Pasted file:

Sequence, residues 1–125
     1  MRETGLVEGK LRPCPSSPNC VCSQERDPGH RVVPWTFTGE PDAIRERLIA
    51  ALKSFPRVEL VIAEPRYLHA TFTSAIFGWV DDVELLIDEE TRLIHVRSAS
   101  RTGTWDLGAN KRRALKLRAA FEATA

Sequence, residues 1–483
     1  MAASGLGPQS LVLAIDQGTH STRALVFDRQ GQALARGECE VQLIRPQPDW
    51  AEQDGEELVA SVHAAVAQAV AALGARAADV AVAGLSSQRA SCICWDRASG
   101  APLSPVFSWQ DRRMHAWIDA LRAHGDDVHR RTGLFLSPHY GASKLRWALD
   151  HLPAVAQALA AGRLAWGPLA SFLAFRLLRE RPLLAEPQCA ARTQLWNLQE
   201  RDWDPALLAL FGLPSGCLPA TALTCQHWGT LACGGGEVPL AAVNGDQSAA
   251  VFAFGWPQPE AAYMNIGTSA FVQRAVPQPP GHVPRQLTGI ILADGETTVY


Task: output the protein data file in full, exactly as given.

Sequence, residues 1–125
     1  MRETGLVEGK LRPCPSSPNC VCSQERDPGH RVVPWTFTGE PDAIRERLIA
    51  ALKSFPRVEL VIAEPRYLHA TFTSAIFGWV DDVELLIDEE TRLIHVRSAS
   101  RTGTWDLGAN KRRALKLRAA FEATA

Sequence, residues 1–483
     1  MAASGLGPQS LVLAIDQGTH STRALVFDRQ GQALARGECE VQLIRPQPDW
    51  AEQDGEELVA SVHAAVAQAV AALGARAADV AVAGLSSQRA SCICWDRASG
   101  APLSPVFSWQ DRRMHAWIDA LRAHGDDVHR RTGLFLSPHY GASKLRWALD
   151  HLPAVAQALA AGRLAWGPLA SFLAFRLLRE RPLLAEPQCA ARTQLWNLQE
   201  RDWDPALLAL FGLPSGCLPA TALTCQHWGT LACGGGEVPL AAVNGDQSAA
   251  VFAFGWPQPE AAYMNIGTSA FVQRAVPQPP GHVPRQLTGI ILADGETTVY